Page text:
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More MS news articles for December 2003

A NOTCH4 association with multiple sclerosis is secondary to HLA-DR*1501

Tissue Antigens. 2004 Jan;63(1):13-20
Duvefelt K, Anderson M, Fogdell-Hahn A, Hillert J.
Division of Neurology, Neurotec, Karolinska Institutet at Huddinge University hospital, Huddinge, Sweden.

Multiple sclerosis (MS) is a chronic inflammatory disease of the central nervous system (CNS) with supposedly autoimmune features known to be associated with a specific HLA DR-DQ haplotype (DR15, DQ6, or HLDRB1*1501, DRB5*0101, DQA1*0102, DQB1*0602).

We have previously reported that the associated haplotype extends to HLA-B and described an independent association with HLA-A alleles in MS.

Owing to a complex situation with extensive linkage disequilibria, it is still unclear whether classical HLA genes are responsible or whether associations may be due to other genes in this region.

Here, we analyzed an association in MS with the NOTCH4 and TNFalpha (tumor necrosis factor-alpha) genes, located between the HLA-DRB1 gene and the HLA-A gene.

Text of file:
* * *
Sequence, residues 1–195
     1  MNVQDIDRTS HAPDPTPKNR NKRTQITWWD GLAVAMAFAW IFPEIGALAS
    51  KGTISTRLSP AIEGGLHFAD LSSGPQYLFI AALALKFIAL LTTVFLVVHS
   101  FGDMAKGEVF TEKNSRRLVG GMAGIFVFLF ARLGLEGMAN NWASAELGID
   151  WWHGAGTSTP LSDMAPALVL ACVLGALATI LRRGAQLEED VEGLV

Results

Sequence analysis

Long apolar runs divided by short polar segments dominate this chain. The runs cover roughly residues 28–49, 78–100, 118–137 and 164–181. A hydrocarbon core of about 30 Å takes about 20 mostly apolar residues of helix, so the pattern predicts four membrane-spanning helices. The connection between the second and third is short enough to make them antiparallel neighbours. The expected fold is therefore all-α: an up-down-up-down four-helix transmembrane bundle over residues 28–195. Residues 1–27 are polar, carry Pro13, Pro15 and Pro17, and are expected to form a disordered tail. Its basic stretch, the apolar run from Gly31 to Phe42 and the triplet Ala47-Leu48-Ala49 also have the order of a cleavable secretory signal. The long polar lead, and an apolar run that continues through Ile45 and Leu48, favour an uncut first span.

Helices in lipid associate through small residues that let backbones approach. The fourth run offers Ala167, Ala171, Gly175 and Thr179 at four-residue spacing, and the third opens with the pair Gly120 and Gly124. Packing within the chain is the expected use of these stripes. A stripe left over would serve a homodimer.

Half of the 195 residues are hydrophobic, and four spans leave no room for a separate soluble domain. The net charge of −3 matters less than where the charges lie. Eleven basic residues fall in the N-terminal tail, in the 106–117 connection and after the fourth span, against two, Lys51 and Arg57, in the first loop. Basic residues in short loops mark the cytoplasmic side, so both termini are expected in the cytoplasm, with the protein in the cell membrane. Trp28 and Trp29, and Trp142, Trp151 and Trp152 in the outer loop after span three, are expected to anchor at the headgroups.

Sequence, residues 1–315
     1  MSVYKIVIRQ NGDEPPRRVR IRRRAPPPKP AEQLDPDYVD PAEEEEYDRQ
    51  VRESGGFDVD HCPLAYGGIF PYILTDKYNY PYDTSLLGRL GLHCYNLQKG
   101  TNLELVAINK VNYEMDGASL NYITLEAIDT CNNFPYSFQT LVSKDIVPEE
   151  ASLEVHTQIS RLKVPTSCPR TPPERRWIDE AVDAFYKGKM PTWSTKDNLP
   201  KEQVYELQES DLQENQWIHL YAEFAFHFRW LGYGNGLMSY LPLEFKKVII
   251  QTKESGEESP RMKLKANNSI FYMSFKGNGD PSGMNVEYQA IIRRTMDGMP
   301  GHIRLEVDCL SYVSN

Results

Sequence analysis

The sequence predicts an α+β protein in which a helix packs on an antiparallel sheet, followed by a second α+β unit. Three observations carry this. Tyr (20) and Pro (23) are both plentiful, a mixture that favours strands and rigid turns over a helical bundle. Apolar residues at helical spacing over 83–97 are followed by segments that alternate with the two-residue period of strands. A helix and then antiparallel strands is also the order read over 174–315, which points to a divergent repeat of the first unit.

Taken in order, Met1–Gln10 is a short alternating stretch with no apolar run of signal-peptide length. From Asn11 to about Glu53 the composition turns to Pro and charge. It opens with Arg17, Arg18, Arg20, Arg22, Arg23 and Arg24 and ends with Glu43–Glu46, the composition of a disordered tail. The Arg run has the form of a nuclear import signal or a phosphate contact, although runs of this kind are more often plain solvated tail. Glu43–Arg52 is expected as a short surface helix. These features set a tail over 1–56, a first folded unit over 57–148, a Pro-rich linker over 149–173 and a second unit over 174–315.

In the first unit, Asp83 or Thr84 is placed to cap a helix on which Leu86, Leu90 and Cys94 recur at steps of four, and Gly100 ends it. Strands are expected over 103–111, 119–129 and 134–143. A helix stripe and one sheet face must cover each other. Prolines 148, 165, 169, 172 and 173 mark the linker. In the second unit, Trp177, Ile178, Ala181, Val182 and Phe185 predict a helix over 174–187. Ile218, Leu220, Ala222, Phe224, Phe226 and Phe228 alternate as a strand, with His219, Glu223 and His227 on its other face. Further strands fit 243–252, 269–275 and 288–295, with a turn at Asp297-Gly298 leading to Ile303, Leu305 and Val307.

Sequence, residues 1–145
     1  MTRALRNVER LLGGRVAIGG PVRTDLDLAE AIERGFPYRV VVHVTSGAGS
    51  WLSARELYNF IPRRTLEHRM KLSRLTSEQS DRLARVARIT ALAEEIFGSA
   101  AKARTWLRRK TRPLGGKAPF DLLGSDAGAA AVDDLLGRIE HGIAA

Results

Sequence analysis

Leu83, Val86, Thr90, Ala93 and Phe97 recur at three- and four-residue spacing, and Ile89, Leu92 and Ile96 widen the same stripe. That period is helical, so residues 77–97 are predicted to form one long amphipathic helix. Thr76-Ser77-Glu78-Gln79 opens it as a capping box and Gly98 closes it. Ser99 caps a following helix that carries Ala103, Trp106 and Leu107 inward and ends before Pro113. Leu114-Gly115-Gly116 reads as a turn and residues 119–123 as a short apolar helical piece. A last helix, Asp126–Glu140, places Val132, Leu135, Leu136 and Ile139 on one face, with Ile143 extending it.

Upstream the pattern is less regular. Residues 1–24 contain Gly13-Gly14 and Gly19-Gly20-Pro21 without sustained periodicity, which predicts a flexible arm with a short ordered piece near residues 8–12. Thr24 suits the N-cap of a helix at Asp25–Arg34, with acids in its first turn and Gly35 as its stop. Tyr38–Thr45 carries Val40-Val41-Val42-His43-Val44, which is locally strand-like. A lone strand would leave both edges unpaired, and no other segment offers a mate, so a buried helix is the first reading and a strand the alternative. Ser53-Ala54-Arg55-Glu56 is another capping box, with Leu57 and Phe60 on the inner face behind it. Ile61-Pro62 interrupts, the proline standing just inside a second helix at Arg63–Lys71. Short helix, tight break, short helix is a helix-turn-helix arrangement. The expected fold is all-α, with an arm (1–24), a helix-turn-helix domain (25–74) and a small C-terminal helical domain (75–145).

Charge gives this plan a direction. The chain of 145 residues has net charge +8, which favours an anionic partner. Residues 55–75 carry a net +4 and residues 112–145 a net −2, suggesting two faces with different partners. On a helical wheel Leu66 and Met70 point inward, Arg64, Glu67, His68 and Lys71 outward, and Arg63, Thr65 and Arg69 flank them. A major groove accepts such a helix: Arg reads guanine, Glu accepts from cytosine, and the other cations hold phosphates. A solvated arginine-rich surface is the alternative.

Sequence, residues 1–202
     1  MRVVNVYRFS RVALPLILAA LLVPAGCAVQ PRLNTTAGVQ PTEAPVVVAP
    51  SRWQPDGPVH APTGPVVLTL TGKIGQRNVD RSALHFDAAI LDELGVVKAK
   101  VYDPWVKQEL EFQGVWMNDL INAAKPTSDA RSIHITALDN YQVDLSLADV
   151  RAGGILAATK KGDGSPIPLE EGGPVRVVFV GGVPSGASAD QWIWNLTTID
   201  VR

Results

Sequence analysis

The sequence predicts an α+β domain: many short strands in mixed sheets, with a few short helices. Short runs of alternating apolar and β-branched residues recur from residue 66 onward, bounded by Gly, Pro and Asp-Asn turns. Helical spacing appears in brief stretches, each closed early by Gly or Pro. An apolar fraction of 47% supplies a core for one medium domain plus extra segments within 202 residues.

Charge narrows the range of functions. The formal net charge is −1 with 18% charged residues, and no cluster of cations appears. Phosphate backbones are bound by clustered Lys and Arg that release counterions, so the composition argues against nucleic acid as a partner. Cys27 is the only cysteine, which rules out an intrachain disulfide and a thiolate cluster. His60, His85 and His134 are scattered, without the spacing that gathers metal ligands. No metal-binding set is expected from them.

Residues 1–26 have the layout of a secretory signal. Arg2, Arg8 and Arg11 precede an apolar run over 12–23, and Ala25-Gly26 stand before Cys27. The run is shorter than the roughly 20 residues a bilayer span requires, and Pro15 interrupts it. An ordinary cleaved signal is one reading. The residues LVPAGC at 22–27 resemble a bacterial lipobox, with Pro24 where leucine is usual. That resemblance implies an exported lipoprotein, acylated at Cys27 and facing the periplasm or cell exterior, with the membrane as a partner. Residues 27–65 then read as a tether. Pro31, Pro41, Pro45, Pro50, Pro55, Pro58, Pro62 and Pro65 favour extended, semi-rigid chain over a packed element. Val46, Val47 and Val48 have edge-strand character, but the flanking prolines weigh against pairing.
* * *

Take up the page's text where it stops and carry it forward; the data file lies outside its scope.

For NOTCH4, located 0.4 Mb telomeric to HLA-DRB1, an SNP at position -25 and a trinucleotide repeat were investigated in 181 MS patients, and 180 controls also typed P = 0.027 for HLA-DRB and HLA-A.

A modest association was observed (OR = 3.44) with the C-25 allele.

However, two-locus analysis revealed that this association was secondary to the classical association with HLA-DRB1.

For TNF, located 0.7 Mb telomeric of NOTCH4, SNPs at positions -308 and -238 were studied in the same dataset.

We found no association between these TNFalpha gene polymorphisms and MS in this dataset, although there was linkage disequilibrium (LD) between DRB1 and TNF and between HLA-A and TNF.

We conclude that alleles of the NOTCH4 and TNFalpha genes are unlikely to be of importance for the susceptibility to MS, although specific alleles of these genes are often carried on the same haplotype as DR15, DQ6.